Thus, the research is significant in that it can be used to answer the PICO question in focus.
Comparison of parent cardiovascular knowledge, attitudes, and behavior based on screening and perceived child risks is a research done by Lesly A Cottrell, Valerie Minor, Emily Murphy and Eloise Elliot. It involved questionnaire reports and universal screening procedures obtained for 244 children in 5th up to 9th grade. The Rural Health Education Partnership and the Coronary Artery Risk Detection in Appalachian Communities at West Virginia University under the Support Department of Health and Human Resources. The screening featured students in the county schools where their parents were requested to fill questionnaires using a data obtained from pedometer device used on the child for a period of 6 weeks. The procedures involved were approved by the IRB for The protection of Human Subjects at WVU.
The conclusion of this work noted that parent’s ignorance (60%) about children’s participation in health screenings and prevention programs and intervention is the reason to blame for increased cardiovascular risks in children. Such activities as overweight indicate a child’s unhealthy condition which if reported by the parent, can lead to prevention of cardiovascular diseases. The research in extension indicates that parents enrollment in educational classes can improve their detection skills of up normal kids thereby resulting in better diagnosis and prevention.
Parental Perception on the Efficacy of a Physical Activity Program for Preschoolers is a research by Laura Bellows et al. The group used Four Colorado Head Start centers under the banner Mighty Moves: Fun ways to keep families active and healthy. Research was approved by IRB Colorado State University. Telephone interviews were used to request for consent to participate. 51 completed surveys (52% response rate) were completed and returned. The Mighty Moves program is a social networking framework that has an educational program tailor made to the needs of the audience. The program is successful in increasing physical activity within the home environment for the parent and the children in order to prevent obesity from a tender age.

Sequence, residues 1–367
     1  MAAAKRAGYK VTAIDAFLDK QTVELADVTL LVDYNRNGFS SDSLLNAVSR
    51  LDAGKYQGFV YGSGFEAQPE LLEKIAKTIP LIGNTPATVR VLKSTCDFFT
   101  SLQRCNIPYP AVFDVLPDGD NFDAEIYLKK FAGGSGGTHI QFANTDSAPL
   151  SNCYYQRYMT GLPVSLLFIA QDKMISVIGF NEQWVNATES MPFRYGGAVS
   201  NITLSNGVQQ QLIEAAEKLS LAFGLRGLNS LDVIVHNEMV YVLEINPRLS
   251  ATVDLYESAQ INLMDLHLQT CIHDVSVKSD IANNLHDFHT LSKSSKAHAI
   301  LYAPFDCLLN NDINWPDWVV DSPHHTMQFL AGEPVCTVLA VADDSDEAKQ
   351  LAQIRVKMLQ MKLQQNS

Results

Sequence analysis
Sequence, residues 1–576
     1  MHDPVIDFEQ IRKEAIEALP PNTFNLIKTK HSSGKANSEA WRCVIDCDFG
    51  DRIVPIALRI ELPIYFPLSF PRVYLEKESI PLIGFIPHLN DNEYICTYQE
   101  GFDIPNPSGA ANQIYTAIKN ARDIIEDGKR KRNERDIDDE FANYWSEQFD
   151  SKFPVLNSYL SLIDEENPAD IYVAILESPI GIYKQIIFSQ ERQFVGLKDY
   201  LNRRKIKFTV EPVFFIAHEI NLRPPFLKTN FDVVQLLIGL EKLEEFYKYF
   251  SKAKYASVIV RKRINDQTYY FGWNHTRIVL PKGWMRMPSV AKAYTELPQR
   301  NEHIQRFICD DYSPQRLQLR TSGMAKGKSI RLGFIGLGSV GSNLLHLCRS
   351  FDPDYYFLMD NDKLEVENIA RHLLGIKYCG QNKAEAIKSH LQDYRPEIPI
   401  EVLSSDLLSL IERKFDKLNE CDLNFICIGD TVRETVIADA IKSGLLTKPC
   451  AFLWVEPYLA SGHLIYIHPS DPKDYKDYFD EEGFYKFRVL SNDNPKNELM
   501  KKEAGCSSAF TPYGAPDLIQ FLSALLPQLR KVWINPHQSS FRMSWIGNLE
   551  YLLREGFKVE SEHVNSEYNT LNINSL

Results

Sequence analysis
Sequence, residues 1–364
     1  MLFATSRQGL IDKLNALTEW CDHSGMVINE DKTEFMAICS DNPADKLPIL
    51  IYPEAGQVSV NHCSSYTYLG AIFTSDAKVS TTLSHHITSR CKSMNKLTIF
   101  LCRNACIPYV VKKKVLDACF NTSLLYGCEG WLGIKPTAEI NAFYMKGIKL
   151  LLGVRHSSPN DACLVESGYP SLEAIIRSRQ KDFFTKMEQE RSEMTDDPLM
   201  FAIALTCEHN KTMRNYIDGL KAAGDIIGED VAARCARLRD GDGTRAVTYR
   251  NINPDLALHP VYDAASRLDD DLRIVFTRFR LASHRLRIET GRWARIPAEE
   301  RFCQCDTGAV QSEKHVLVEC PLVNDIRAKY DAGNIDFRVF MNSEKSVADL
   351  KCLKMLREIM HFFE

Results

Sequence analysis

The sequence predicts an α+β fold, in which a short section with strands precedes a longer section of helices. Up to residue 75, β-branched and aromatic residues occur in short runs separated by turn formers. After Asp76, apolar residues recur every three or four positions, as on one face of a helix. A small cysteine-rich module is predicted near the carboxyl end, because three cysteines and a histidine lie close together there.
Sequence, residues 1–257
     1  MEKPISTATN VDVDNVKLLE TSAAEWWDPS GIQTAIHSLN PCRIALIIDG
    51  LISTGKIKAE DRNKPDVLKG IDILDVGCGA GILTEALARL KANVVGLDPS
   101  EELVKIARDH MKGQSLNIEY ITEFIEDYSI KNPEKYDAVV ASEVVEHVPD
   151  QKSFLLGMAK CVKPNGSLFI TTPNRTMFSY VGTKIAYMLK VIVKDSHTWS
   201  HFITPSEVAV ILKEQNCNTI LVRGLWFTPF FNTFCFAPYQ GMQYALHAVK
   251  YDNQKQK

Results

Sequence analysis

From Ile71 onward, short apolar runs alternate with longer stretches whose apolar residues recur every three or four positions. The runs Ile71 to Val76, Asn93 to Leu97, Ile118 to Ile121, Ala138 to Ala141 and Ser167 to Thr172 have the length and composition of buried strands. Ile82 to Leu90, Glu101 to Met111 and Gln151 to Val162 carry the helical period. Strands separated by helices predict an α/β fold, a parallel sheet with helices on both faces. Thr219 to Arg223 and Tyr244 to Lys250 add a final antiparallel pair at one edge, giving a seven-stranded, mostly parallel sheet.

The Q-Methodology research performed by Noori Akhtar Danesh among other from four universities in Canada studied parent’s perception on the causes of obesity among children. Data was sourced from clinic records of well baby checkups. 33 parents were used in the study classified according to two groups; confident in delivering health nutrition and family physical activity focused.
The research concludes that parent differ in the causes of obesity with 605 citing nutrition and 30% citing physical activity. The former did not identify obesity as a barrier to physical activity.
Eric Hodges “A primer on early childhood Obesity and Parental Influence” discussed the impacts the parents impart on their children’s eating behaviors and physical activity. The paper provides a synopsis of parental influence on etiology of early childhood obesity with focus on factors such as BMI, and SFT. The study highlights that 77% of children with BMI greater that 95th percentile remain obese as adults. It is not relevant to the PICO question in that it does not probe the effect of parent education programs on child’s nutrition and physical activity.
The letter to the Editor by Danielle Landry talks about the clinical role played by nurses in the detection of obesity. It also talks about the approaches used to extend the knowledge to parents to better their understanding of obesity and ways to prevent it. The article is relevant to the PICO question since training of parents in relation to obesity is essential.
Nydjie Payas in his research explored the relationship between mothers BMI, family factors and concern for child’s weight. It uses a cross-sectional analysis of 47 mothers of school-aged children. Most African-American Women (52%) were severely affected by obesity leading to a conclusion that they more concerned about their children’s status. In conclusion, the results show that family community has an influence on the likelihood of child obesity. The study is, therefore relevant to the PICO question.
Danielzik Sandra et al in his research “impact of parental BMI on the manifestation of overweight 5-7 year old children” investigate the impact of parental BMI on the effect of the overall manifestation of 5 to 7 year olds. The study used 3306 children and their parents in Germany. The nutritional state of child in respect with the parent was compared. The parents BMI showed a weak correlation with the child. 7.6/6.3 multivariate regression value for boys and girls was recorded for a child with two obese parents. The study does not sufficiently indicate the relationship between overweight parents and overweight children and requires familial disposition to determine risk groups. AS a result, it is not a valid paper for the PICO question.